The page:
It is important for primary care physicians to recognize that, in general, adults and older persons with an intellectual disability have the same needs for disease prevention, diagnosis, and treatment as the general population. Those who do need medical attention discover that Australia’s hospitals are ill equipped to deal with people with moderate and severe developmental disability with limited communication who are often unable to express pain and discomfort and often serious illness is left undiagnosed.
They therefore want specialist developmental disability clinics in major teaching hospitals, to provide educational and clinical practice supports for primary care physicians and specialty nurses caring for people with intellectual disabilities, along with travelling developmental specialists to visit regional areas on a regular basis. The Carers Alliance are also concerned to ensure that people with developmental disabilities receive the same array of lifespan preventative health practices as those offered to the general population – which would require medical practioners trained to respond to the often complex abilities of the patient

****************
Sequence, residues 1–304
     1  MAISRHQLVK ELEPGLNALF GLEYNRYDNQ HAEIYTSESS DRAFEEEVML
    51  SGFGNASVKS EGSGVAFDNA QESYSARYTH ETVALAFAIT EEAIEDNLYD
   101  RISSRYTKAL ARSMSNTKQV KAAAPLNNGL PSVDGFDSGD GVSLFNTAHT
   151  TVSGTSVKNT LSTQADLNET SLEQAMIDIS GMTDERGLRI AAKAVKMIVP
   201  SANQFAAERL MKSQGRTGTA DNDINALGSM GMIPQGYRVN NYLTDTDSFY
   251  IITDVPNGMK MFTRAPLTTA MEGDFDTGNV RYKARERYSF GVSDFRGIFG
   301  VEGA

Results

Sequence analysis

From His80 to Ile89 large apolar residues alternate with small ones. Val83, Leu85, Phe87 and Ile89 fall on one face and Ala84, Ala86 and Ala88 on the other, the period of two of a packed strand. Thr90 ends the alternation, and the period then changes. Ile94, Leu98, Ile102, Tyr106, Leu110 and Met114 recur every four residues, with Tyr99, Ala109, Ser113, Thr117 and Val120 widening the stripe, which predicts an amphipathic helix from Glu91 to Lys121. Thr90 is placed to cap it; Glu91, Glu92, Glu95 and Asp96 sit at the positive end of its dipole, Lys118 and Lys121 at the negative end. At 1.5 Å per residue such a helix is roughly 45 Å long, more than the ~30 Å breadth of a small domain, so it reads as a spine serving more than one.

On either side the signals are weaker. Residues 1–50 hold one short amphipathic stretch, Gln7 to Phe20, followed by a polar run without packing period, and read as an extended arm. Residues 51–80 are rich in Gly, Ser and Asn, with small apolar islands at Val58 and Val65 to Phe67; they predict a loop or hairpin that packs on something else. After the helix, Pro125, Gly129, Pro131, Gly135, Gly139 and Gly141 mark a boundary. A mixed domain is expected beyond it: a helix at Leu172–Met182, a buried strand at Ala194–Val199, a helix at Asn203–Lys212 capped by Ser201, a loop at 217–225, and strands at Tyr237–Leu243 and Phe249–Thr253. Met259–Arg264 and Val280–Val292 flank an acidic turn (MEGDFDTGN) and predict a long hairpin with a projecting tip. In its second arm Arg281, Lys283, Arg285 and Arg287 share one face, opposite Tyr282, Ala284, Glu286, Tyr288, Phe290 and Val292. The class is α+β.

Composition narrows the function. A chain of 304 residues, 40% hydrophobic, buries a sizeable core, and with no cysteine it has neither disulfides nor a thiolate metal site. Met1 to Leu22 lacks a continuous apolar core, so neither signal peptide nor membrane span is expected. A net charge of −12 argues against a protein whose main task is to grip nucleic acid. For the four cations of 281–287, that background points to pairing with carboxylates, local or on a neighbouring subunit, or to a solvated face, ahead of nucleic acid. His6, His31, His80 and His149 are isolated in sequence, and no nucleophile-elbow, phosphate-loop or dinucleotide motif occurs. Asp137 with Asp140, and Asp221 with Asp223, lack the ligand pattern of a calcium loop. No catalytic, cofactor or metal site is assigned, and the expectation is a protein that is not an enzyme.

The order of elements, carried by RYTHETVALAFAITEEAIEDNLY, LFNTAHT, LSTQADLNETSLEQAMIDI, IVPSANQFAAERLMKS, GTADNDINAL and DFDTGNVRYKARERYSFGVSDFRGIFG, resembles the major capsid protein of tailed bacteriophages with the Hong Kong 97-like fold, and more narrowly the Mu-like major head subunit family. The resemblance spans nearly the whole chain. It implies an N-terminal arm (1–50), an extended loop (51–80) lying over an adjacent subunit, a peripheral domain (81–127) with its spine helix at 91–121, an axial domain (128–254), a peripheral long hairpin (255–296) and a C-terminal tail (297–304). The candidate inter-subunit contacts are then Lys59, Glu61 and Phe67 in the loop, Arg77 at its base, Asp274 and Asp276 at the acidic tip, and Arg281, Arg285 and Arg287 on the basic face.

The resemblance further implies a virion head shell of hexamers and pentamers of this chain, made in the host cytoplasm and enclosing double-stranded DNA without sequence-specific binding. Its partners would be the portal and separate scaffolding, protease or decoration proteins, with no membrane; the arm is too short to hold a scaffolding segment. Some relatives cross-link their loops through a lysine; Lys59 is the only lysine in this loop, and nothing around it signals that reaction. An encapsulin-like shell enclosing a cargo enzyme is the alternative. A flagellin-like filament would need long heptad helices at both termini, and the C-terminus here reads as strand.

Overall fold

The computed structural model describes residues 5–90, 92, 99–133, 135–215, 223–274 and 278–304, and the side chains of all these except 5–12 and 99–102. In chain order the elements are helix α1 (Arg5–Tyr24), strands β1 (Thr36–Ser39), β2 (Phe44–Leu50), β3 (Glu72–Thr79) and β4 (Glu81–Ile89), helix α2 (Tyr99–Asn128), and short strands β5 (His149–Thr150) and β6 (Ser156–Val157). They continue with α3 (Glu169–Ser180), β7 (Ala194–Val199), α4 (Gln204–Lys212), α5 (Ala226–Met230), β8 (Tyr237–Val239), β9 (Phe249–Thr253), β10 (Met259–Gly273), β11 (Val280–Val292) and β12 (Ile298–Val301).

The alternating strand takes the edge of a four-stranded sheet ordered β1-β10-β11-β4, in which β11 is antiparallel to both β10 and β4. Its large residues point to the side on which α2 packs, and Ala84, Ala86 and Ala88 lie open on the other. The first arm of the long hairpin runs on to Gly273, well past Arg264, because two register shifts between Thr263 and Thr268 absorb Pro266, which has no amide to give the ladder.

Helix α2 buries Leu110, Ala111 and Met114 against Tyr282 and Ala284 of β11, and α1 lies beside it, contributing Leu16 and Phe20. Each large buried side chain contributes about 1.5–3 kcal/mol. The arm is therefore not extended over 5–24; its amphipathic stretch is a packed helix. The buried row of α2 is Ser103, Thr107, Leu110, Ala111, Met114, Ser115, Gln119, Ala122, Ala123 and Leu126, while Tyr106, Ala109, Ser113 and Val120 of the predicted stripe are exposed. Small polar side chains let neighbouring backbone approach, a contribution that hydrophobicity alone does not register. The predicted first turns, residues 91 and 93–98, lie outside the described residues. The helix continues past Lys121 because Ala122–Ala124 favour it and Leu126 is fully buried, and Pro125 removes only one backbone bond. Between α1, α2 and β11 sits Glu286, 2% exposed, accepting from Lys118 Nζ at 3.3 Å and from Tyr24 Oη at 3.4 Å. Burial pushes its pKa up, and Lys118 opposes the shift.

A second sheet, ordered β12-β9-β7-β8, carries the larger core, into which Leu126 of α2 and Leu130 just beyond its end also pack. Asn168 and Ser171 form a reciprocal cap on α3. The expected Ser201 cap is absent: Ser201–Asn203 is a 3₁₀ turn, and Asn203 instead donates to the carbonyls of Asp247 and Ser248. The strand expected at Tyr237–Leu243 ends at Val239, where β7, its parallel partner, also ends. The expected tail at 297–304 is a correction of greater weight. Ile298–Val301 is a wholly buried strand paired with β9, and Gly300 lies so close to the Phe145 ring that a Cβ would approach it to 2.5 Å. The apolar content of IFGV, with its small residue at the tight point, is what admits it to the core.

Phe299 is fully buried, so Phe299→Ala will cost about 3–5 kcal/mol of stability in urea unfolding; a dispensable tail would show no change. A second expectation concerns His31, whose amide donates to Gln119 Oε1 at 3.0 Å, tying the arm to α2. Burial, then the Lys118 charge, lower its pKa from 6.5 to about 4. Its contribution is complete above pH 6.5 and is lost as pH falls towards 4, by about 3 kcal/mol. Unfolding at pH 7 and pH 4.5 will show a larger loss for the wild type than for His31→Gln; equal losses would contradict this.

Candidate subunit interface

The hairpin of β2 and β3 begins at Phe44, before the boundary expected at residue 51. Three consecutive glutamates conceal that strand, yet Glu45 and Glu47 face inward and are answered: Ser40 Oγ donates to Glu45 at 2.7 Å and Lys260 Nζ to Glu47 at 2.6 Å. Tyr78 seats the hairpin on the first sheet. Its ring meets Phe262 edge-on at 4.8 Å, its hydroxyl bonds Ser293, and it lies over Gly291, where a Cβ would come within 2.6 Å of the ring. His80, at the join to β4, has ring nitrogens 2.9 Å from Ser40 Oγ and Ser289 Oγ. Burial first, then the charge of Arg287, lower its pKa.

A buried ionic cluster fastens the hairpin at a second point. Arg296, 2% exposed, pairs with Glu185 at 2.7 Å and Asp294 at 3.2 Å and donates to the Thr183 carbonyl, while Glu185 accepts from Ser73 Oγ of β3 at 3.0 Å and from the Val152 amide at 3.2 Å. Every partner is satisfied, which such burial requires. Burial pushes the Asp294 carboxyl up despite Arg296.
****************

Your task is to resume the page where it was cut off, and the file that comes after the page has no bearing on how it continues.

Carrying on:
They also point to the high percentage of mental illness in people with developmental disabilities, and ‘will lobby for intensive mental health care to be provided within the public health system with stand alone wards that can offer physical protection and targeted services that assist, not only with responsive mental health outcomes but by providing ongoing support for community living.’
(yes, I know I’m just summarising and providing abstracts here, but I’m really not finding anything I disagree with, which isn’t that surprising)
In Aged Care, the Carers Alliance wants to support the elderly to stay at home if they want to, by providing person-centred funding for in-home services. They point out that often moving into an aged care facility leads to a loss of hope and a decline in mental and physical well-being, and that many people would prefer to stay at home with a bit of help.